The Angels Take A Bath

How a cafeteria owner took on the underworld and brought down a mayor.

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How the Housing Crisis Brought Down the Gambling Ships

Gambling ships began operating off the Southern California coast regularly in the late 1920s. Local, county, state, and federal authorities tried various means to get them shut down, even dredging up 18th century piracy laws, without any real lasting effect. Earl Warren, as California A.G., successfully raided and closed the last four ships in 1939 and World War II put a damper on any new such ventures starting up. But there was still no state or federal statute outlawing them. Everyone may have thought the era of gambling ships had passed. Everyone except Tony Cornero.
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Charles H. Crawford

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Frank Shaw of Los Angeles is often cited as the first mayor of a major U.S. city to be recalled, as Shaw was in 1938, but Seattle’s Mayor Hiram C. Gill beat him to it. He was booted out in 1911 after less than a year in office, when the public learned that he and his Chief of Police Charles “Wappy” Wapperstein were collecting a large percentage of the receipts from the Northern Club, a saloon-gambling hall-brothel run by a syndicate that included Charles Crawford.

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August Palumbo

The LAPD’s survey, Gangland Killings 1900-1951, list just three gang-related murders for 1928, although newspapers at the time of August Palumbo’s shooting death of July 18 refer to him as the seventh such victim in a “bootlegger’s war” that had been going on for six weeks prior. The 1951 survey also notes that there was “no prosecution to date” in the Palumbo case. In fact, there were plenty of prosecutions, just no convictions. Continue reading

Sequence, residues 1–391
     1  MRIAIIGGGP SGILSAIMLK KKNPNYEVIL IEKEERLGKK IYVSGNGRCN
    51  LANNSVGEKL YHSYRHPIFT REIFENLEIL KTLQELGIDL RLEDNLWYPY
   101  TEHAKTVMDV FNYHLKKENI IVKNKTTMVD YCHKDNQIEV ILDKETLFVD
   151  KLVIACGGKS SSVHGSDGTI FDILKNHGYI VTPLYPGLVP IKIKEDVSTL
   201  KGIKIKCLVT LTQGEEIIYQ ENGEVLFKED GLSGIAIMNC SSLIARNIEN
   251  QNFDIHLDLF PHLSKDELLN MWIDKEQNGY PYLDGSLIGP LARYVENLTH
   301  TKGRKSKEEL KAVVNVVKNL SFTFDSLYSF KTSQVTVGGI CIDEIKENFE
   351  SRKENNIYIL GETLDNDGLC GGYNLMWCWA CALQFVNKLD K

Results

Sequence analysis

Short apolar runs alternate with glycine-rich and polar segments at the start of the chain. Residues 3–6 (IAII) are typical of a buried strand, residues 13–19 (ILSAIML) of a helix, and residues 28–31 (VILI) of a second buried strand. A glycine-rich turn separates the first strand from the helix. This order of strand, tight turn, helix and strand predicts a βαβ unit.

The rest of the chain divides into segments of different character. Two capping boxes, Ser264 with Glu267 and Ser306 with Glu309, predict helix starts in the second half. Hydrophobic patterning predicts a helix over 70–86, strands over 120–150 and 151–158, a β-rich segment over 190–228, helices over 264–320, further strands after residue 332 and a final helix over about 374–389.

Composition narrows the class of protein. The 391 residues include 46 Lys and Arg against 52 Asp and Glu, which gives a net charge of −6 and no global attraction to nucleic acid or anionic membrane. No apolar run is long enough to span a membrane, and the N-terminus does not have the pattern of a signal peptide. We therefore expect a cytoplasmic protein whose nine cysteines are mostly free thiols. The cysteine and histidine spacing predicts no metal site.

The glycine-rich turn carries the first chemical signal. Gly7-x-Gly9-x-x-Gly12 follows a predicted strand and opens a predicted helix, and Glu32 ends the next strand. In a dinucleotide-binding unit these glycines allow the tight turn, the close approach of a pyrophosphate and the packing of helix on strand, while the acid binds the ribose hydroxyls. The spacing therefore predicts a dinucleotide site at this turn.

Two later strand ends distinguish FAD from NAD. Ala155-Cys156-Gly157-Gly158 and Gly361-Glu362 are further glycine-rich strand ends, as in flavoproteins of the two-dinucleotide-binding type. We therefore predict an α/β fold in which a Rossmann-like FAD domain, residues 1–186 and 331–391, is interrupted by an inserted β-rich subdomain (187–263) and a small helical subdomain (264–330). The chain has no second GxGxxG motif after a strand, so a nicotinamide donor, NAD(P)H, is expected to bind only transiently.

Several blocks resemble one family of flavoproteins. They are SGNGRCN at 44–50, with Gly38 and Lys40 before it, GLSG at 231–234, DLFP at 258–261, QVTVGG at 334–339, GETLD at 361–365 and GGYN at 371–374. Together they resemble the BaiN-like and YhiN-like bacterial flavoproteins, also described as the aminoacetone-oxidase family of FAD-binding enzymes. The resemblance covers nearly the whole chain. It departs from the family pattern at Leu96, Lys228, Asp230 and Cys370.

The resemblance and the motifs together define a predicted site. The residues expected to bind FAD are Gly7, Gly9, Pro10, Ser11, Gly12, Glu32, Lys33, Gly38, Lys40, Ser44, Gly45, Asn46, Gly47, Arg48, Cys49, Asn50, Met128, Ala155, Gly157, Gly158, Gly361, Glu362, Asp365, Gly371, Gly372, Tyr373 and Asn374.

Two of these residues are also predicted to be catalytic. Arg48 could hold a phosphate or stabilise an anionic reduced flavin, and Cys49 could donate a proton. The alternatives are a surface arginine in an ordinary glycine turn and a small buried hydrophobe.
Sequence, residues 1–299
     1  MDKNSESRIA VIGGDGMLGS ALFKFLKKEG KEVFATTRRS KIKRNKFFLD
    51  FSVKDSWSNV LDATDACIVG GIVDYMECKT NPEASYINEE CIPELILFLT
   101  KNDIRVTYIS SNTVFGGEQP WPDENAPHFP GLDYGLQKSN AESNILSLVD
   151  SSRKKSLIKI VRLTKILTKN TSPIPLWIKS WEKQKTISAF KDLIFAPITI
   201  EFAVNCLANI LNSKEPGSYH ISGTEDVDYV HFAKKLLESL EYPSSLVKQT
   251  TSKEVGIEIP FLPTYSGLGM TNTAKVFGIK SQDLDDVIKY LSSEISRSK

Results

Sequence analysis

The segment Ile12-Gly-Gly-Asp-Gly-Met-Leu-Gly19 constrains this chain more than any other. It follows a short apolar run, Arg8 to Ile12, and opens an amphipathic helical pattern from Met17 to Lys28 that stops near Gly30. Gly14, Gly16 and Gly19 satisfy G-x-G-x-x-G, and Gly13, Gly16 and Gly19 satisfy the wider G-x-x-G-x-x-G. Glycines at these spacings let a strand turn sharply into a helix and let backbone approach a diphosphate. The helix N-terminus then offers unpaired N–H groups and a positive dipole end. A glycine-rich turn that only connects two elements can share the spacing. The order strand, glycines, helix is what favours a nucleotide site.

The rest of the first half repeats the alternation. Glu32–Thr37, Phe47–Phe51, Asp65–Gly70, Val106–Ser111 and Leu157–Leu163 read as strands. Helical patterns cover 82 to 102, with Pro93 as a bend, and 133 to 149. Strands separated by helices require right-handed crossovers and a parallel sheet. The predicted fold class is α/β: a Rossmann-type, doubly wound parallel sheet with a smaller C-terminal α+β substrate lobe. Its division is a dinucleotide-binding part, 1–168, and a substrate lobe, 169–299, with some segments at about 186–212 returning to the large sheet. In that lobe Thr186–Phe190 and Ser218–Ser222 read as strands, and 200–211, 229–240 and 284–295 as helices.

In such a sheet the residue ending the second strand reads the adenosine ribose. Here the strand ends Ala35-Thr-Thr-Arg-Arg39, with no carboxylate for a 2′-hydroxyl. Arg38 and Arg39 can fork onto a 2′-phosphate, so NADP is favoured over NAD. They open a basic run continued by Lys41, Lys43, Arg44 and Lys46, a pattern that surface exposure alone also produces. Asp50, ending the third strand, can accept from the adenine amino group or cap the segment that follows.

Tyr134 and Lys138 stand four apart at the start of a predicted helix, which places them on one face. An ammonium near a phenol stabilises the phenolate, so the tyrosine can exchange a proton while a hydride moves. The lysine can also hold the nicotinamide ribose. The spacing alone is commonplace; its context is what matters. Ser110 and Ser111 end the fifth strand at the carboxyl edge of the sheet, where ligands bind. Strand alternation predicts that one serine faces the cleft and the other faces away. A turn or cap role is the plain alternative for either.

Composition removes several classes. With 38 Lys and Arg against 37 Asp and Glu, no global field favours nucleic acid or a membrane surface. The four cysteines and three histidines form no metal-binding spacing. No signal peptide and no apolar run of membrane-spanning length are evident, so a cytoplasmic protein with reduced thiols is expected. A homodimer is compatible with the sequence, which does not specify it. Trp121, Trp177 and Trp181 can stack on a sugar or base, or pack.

The Jacobson Case

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It wasn’t the first time a public figure who opposed Los Angeles’ underworld suddenly found himself involved in a compromising position, intended to either discredit or bring them to heel. But the plot to silence vice-crusading city councilman Carl I. Jacobson didn’t run quite to plan.

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Guy McAfee

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“This is just another attempt to blame everything on me that ever went on in the Los Angeles underworld” Guy McAfee would grouse in 1940 after his name was linked once again to yet another vice racket. One of his enemies would call him the “Capone of Los Angeles,” an overstatement perhaps, but one not without foundation.  

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Albert Marco

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Christmas Day, 1925, an LAPD beat cop responded to a report of a fight at a bungalow court in the fashionable Westlake district. He found two men having a heated argument, but no sign of fisticuffs. Still, one of the men pulled a revolver on him. The officer arrested him and took him downtown to the city jail behind Old Central at 1st & Hill, where he was booked on an assault with a deadly weapon charge. Then, suddenly, the charge was reduced disturbing the peace. Albert Marco, one of the city’s top bootleggers, was back on the streets within hours, released on $100 bail. Marco didn’t know it yet but it was a short-lived victory. The incident placed him in the sights of a vice crusading city councilman, which eventually led to his downfall. Continue reading